This last aspect was not witnessed directly by Martinez and made it less reliable than what he saw firsthand. Still, it makes sense in light of the previously discussed evidence indicating that the Finders actively attempted to “obtain” children. This particular allegation was partially corroborated in documents from the FBI’s Vault, where an MPD Intelligence Division report dated February 20, 1987 records an interaction with an unnamed woman, who was called because she nearly used a Finders member as a babysitter, and her information and that of her children were found in Finders’ files:
On February 19, 1987, Detective [Redacted] contacted [Redacted] … concerning a listing of her name and additional information contained in the “Finders” records. [Redacted] seemed very upset that they [sic] police were contacting her and Detective [Redacted] assured her that our only interest was that her name and information about her children were in the files. [Redacted] stated that she needed a babysitter and contacted Georgetown University for a referral. [Redacted] stated that she was given the name of [Redacted] and interviewed her telephonically. [Redacted] stated that she would have hired [Redacted] but she never showed up for a interview [sic]… [Redacted] asked what would have happened if the “Finders” got into her residence and Detective [Redacted] told her that he was unsure of any motives and that anything would be speculative.
Here we see corroboration of Martinez’s allegation that the Finders had obtained information regarding parents and their children and were attempting to gain employment as babysitters. Returning to Martinez’s account, we see that he describes the second Finders location in D.C. as follows:
The warehouse contained a large library, two kitchens, a sauna, hot-tub, and a “video room.” The video room seemed to be set up as an indoctrination center. It also appeared that the organization had the capability to produce its own videos. There were what appeared to be training areas for children and what appeared to be an altar set up in a residential area of the warehouse. Many jars of urine and feces were located in this area. I should also mention that both premises were equipped with satellite dish antennas.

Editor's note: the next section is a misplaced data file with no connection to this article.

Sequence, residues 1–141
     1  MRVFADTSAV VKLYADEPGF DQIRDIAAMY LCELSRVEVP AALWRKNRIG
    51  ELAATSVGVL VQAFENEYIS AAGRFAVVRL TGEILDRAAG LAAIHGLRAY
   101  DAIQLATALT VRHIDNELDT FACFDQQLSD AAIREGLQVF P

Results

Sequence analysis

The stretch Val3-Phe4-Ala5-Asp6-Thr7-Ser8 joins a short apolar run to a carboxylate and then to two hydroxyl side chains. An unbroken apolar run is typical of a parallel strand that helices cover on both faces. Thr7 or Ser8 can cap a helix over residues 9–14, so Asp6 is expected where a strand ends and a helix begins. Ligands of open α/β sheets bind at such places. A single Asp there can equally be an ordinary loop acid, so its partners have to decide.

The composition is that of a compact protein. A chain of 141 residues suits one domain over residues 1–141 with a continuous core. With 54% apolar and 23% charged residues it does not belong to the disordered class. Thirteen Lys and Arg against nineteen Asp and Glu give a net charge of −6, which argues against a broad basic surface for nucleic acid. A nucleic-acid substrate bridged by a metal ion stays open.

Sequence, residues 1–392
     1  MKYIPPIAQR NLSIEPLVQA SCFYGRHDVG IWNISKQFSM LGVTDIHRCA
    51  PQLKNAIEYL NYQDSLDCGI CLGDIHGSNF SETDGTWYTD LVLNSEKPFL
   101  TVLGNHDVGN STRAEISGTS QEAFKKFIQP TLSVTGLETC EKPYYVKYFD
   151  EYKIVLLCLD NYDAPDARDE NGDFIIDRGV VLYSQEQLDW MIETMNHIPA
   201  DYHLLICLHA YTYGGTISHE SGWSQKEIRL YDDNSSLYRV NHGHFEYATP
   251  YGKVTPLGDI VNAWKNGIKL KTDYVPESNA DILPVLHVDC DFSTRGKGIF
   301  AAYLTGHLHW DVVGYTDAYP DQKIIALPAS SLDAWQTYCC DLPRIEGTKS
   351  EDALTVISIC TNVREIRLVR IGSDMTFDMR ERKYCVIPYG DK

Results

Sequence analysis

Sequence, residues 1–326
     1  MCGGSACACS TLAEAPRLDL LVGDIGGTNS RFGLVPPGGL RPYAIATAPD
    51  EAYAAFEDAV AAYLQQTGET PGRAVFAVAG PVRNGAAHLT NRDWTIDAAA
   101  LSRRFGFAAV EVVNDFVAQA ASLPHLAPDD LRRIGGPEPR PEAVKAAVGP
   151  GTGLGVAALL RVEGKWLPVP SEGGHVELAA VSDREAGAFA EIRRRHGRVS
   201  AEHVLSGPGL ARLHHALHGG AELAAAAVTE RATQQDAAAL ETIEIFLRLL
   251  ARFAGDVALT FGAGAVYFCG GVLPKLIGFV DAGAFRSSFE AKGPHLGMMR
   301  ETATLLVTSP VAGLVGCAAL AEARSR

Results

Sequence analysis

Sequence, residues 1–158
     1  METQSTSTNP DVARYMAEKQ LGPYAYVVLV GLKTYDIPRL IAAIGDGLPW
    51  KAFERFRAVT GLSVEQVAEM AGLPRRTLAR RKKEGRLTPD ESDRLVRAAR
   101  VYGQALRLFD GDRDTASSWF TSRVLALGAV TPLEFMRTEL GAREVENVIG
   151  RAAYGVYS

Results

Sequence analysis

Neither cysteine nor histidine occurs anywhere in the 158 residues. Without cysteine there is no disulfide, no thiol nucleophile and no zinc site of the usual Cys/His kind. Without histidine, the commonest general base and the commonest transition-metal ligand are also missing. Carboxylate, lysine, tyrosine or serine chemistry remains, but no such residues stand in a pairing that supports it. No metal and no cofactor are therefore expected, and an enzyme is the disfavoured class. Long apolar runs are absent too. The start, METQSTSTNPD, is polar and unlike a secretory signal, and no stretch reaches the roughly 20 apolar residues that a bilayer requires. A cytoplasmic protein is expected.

This description sounds bizarre, yet multiple aspects of it match nearly word-for-word with other descriptions of the site, including references to satellite dish antennas, indications of “mind control,” and roped-off areas that were described in other documents as “sets.” A Tallahassee police report contained in the FBI Vault, dated 2/08/87, states:
Detective MPD [redacted] contacted this investigator. He advised that he had been on the search warrant at the warehouse. He stated that they found a large amount of computer goods, a hot tub, sauna, large t.v. room, a library of books (some concerning mind control), a satellite disc [sic] on the roof, and various stage-like settings of rooms that were roped off.
Though the subject of mind-control also sounds bizarre, this is far from the only place it is referenced in official documentation of the investigation and it will be discussed later in association with evaluating allegations of child abuse against the Finders.
Martinez concludes his report by describing MPD’s procedure for sorting and documenting evidence, and states that he was assured the evidence would be fully available to the Customs Service. Interestingly, Bradley tells Martinez that he is only interested in pursuing the issue of child abuse: